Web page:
Colors fade over time, and every load of laundry brings you just a little bit closer to dull, faded clothing. However, there are measures you can take to slow down this process. If you would like to protect the rich colors of your favorite garments, take the following tips into consideration while you do your laundry.
- Wash Like Colors Together: When a garment is being laundered with other garments of similar colors, they’re not getting as much intermingling with foreign pigmentation that will compromise their own color.
- Use Cold Water: Heat agitates molecules and speeds up chemical reactions. In laundry, this means that colors fade faster.
- Don’t Overfill the Washing Machine: Though filling your machine to capacity may seem like a good way to save time, you’re not doing your clothes any favors. Your laundry needs room for the detergent to be evenly distributed.
- Wash Your Clothes Inside-Out: Your washing and drying machines can be fairly harsh on your fabrics, which contributes to the breakdown of pigmentation. You can prevent this by turning the clothes inside-out when you wash and dry them.
- Put Vinegar in Your Washing Machine: A cup of distilled white vinegar serves to protect your colors, while simultaneously softening your clothes and removing odors. For best results, try adding the vinegar during the machine’s final rinse cycle.
- Don’t Over-Dry: Leaving your clothes in the dryer for too long is particularly bad for your colored clothing. Ideally, your clothes should still be slightly damp when you remove them from the machine.
If your clothing is particularly delicate, you may require the help of a professional to protect its colors. Consult our Bellevue dry cleaners for more.
Permanent ink can be a frustrating stain to get out of your fabrics. However, there are several tactics to try before you should consider throwing the stained garment out. If the garment in question is dry clean only, bring it in to our Bellevue dry cleaners. Otherwise, consider the following options:
- If the fabric can be safely bleached, try this first.
- Rubbing alcohol represents a good option for many fabrics. If you’re not sure whether or not the fabric would react poorly to alcohol, start by testing it out on a hidden seam. After this, place the fabric over a clean towel and blot the stained area with the rubbing alcohol. The ink should start leaking out into the towel. Continue until you can’t get any more out, then rinse the affected area of all alcohol.
- If the rubbing alcohol does not work, consider fingernail polish remover. Again, start by testing it on an unseen part of the fabric. You can then apply the remover in the same way you would the rubbing alcohol.
- As a last resort, you might consider acetone. This is not an option for acetate or rayon fabrics, and you should still test it on an unseen part of the fabric before using it.
Mud can be hard to avoid, and can sometimes result in tough stains that don’t come out easily in the normal wash. However, by taking the right steps, it should be a simple enough matter to beat even the toughest mud stains. If your clothing is safe for normal washing machines, try the following tips:
- Though it may be counterintuitive, allow the mud to dry before attempting anything. If you try to wipe it away while it is still wet, you may end up smearing it across your garment.
- Once the mud is dried, remove as much of it as you can by shaking it, beating it, or even vacuuming the area.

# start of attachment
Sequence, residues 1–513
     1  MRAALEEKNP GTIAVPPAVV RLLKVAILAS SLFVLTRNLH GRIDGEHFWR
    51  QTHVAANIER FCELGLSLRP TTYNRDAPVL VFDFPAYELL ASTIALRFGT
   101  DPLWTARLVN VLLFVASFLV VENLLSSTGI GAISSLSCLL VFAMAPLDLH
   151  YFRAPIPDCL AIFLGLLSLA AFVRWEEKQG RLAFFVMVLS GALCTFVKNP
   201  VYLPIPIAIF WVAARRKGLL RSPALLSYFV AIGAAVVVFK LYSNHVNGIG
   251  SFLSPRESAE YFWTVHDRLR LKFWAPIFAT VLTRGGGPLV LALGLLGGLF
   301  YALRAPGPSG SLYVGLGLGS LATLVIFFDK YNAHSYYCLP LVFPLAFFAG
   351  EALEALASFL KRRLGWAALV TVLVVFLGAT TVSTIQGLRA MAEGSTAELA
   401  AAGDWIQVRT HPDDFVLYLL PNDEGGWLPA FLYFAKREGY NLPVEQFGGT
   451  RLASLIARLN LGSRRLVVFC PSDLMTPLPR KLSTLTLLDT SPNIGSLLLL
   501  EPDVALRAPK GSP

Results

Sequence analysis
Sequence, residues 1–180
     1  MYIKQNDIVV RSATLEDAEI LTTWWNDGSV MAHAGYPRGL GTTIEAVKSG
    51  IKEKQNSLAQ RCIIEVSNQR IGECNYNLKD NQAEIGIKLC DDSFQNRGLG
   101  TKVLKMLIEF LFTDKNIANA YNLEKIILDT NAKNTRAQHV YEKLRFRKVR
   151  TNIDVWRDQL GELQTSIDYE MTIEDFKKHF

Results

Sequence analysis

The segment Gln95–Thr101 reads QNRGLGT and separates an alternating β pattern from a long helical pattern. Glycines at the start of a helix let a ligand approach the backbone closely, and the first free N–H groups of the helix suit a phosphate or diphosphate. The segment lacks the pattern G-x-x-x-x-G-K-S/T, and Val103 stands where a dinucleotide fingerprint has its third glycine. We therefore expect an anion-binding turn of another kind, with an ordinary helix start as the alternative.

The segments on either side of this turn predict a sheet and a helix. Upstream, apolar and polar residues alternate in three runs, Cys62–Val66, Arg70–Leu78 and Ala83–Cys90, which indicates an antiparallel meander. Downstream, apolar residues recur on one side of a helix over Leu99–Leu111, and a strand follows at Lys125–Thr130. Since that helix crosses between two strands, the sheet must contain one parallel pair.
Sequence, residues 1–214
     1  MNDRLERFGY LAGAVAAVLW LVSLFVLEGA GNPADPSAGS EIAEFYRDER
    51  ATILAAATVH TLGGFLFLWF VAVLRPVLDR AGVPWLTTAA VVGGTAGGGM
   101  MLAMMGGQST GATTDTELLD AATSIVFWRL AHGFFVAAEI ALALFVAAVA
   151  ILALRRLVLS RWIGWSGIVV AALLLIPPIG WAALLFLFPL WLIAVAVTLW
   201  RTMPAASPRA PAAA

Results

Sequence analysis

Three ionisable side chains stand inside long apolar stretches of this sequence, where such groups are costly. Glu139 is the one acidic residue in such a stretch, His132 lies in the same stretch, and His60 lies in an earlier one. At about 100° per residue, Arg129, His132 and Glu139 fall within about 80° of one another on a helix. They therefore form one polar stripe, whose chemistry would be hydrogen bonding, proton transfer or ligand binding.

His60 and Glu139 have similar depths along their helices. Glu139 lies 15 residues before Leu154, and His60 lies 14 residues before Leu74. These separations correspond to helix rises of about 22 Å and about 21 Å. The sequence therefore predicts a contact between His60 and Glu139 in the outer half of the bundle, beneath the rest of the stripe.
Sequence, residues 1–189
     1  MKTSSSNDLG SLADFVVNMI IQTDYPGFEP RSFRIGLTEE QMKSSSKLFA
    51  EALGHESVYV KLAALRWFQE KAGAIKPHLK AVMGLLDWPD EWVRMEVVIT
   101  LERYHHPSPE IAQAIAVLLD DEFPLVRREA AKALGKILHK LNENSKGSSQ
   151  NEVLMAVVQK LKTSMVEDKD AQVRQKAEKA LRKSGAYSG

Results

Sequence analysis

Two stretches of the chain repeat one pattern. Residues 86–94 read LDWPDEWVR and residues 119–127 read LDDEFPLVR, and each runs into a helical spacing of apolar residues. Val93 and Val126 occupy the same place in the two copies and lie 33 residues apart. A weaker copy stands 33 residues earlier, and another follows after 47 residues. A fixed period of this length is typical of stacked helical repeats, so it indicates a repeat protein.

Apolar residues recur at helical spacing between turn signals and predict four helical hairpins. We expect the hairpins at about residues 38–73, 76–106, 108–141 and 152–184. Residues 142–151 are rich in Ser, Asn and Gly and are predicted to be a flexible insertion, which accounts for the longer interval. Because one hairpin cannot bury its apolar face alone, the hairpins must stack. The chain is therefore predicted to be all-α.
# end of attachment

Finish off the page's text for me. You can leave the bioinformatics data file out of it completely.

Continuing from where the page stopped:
- Rub a liquid detergent onto the stained area and let it soak for about fifteen minutes. Try rubbing the stain between your fingers every few minutes to loosen up the mud.
- Wash the garment normally with a liquid laundry detergent.
- If any trace of the stain remains, try repeating step three and four. Consider the use of a stain remover stick, gel, or spray for some extra cleaning power.
Should the stained garment be labeled as “dry clean only”, don’t take any extra risks with it. Bring it to our Bellevue dry cleaners, and we’ll set it right for you.
Occasionally, you may find yourself with a sticker on your laundry that is difficult to remove. This can be particularly true if it manages to escape your notice until you run the garment through the dryer. Fortunately, there are ways to easily get rid of the sticker and any paste residue that may remain.
First, don’t try to pull of the sticker too forcefully. You may damage your garment’s fibers. Try rubbing the stained area with an ice cube to freeze and loosen up the paste. If this does not work, try switching to either a cooking oil or baby oil, then rinsing the area thoroughly. If the garment is not too delicate, try warming up undiluted white vinegar in the microwave and letting the stain soak in it for a few minutes. After this, rub liquid detergent into the stain and wash it as normal. It may take several tries to fully remove the residue of the sticker.
If your garment is dry clean only, bring it to our Bellevue dry cleaning with the stained area clearly marked.
Wrinkles are a common problem for your laundry. It can be an easy enough matter to iron out most of these wrinkles enough, of course, but you can also save yourself a lot of time by avoiding some of the most common mistakes that cause your clothing to wrinkle up. Our Bellevue dry cleaners offers the following advice to minimize the need for ironing:
- Fill Your Dryer Only Halfway: You aren’t doing yourself any favors by stuffing your dryer to maximum capacity. Clothing needs to be able to move about as it dries, or else it comes out with severe wrinkles.
- Shake and Smooth: As you take your clothing out of the dryer, don’t just drop it into the basket. Shake it out and smooth out any seams and pleats. This will reduce the occurrence of wrinkles, and ease the process of ironing out wrinkles if any remain.
- Don’t Over-Dry: Clothing becomes difficult to iron when they are too dry. Try to take your laundry out of the dryer when it is still slightly damp.